Re: [rtcweb] VP8 IPR agreement announced.

Silvia Pfeiffer <> Thu, 07 March 2013 21:57 UTC

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From: Silvia Pfeiffer <>
Date: Fri, 08 Mar 2013 08:56:55 +1100
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To: Matthew Kaufman <>
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Subject: Re: [rtcweb] VP8 IPR agreement announced.
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Seriously? Google and MPEG just announced that VP8 is essentially the first
widely agreed non-patent-encumbered codec and your reaction is "an
interesting development" and "process disallows discussion"? It's almost a
week until the meeting, just start preparing for it now.

For everyone else: it is a day of great joy and overwhelming relief that
MPEG and Google have found an arrangement to allow the world to publish and
share video without risk of getting sued over codec patents. I say: rejoice!

(speaking for myself and dare I say: most of humanity who doesn't even
realize what just happened ;-)

On Fri, Mar 8, 2013 at 6:32 AM, Matthew Kaufman <> wrote:

>  The below announcement, while an interesting development, comes weeks
> after the traditional deadlines for providing new information to the
> working group prior to an upcoming meeting and certainly does not give me
> enough time to adequately review the development. In fact, the sublicense
> terms referenced below will not be available to review until *after* the
> upcoming meeting and might very well contain language that is incompatible
> with my requirements or those of other implementers of RTCWEB
> specifications.
> Therefore I believe the most sensible action is to once again delay the
> MTI video codec discussion, remove it from the agenda from the upcoming
> meeting, and have the call for an MTI codec at a later time… no sooner than
> several weeks after the relevant license terms are even available to
> review. I hope the chairs concur.
> Alternatively, we can have the discussion at the upcoming meeting, but it
> will not be able to incorporate this development at all, and without any
> change in the IPR situation it was clear that H.264 was the only suitable
> alternative (and may still be the best choice, given the strong arguments
> for the technical merits and implementation advantages of H.264,
> irrespective of the IPR issues).
> Matthew Kaufman
> On 3/7/2013 11:18 AM, Serge Lachapelle wrote:
>  Hello,
>  Today, Google Inc. and MPEG LA, LLC have announced that they have
> entered into an agreement granting Google a license to techniques, if any,
> that may be essential to VP8. Furthermore, MPEG LA has agreed to
> discontinue efforts to form a patent pool around VP8.
>  The official press release can be found here:
>  The licensors are part of the group that responded to MPEG LA’s call for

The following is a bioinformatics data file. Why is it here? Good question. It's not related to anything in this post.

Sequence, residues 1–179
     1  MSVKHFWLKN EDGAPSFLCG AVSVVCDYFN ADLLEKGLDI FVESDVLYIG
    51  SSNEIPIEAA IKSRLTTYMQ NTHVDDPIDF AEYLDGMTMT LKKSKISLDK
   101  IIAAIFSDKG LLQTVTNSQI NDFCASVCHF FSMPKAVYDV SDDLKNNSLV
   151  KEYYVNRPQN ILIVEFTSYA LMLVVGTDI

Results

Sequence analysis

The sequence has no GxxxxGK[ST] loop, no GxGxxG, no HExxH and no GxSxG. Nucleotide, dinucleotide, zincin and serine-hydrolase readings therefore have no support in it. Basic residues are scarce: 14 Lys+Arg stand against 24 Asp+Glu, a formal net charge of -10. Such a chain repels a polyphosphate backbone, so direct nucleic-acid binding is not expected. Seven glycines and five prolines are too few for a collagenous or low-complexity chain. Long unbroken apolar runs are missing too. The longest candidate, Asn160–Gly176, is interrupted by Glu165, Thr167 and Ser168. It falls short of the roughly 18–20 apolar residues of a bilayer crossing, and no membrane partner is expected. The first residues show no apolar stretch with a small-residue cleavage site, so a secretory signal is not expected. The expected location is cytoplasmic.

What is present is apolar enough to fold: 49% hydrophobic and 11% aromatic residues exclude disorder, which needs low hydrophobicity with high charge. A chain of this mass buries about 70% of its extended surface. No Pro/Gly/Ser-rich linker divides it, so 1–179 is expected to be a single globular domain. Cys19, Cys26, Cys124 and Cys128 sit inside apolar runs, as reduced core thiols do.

> patents. They are a group of well-known video IP holders and participants
> in standards-based video patent pools.
>  This agreement allows for Google to sublicense the techniques to any
> user of VP8, whether the VP8 implementation is by Google or another entity;
> this means that users can develop independent implementations of VP8 and
> still enjoy coverage under the sublicenses.
>  Google intends to license the techniques under terms that are in line
> with the W3C’s definition of a Royalty Free License. This definition can be
> found here:  We anticipate
> having the sublicense ready in the next few weeks. The terms will appear on
> the WebM Project website at
>  This agreement is not an acknowledgment that the licensed techniques
> read on VP8. The purpose of this agreement is meant to provide further and
> stronger reassurance to implementors of VP8.
>  On a personal note, I think you will all agree that the RTCWeb MTI video
> codec discussion included many whispered doubts but little evidence. In
> contrast, we have taken clear steps to demonstrate the viability of VP8:
>  1. Made VP8 available with a strong, simple software license and patent
> grant.
> 2. Continued to innovate and improve VP8 in the open.
> 3. Licensed a royalty free VP8 enabled RTL (aka hardware source code) to
> more than 50 SOCs.
> 4. Built, iterated and launched VP8 powered WebRTC in the Chrome browser
> to hundreds of millions of users.
> 5. Worked to ensure WebRTC interop using the VP8 and Opus formats by
> working closely with Firefox.
> 6. Introduced a preview of VP8 and Opus based WebRTC in Chrome for Android
> beta.
>  And now, we have taken taken two significant steps that we hope will
> make the situation clear to all:
>  7. Submitted VP8 to ISO SC29/WG11 (MPEG) in January of this year for
> standardization.
> 8. Invested a significant amount of time and resources into reaching an
> agreement with the MPEG LA, to provide further reassurances.
>  VP8 is a royalty free, open sourced codec that offers several advantages
> and innovations for real time and other uses.  It has a publicly-available
> specification that is getting broadly adopted in hardware; it has been
> submitted for standardization to a leading standards body, and is the
> subject of a royalty-free RAND license which will now include a license
> covering any essential VP8 techniques that may be relevant to major IP
> holders who responded to the MPEG LA's call for VP8 patents.
>  It is the most suitable codec for MTI.
>  I understand the timing is very close to the Orlando IETF meeting.
>  While we tried to do this as quickly as possible, I am sure you will
> appreciate the sensitivities and enormous effort involved in reaching such
> an agreement.
>  I will be in Orlando, arriving monday evening and will be available to
> answer questions.
>  /Serge
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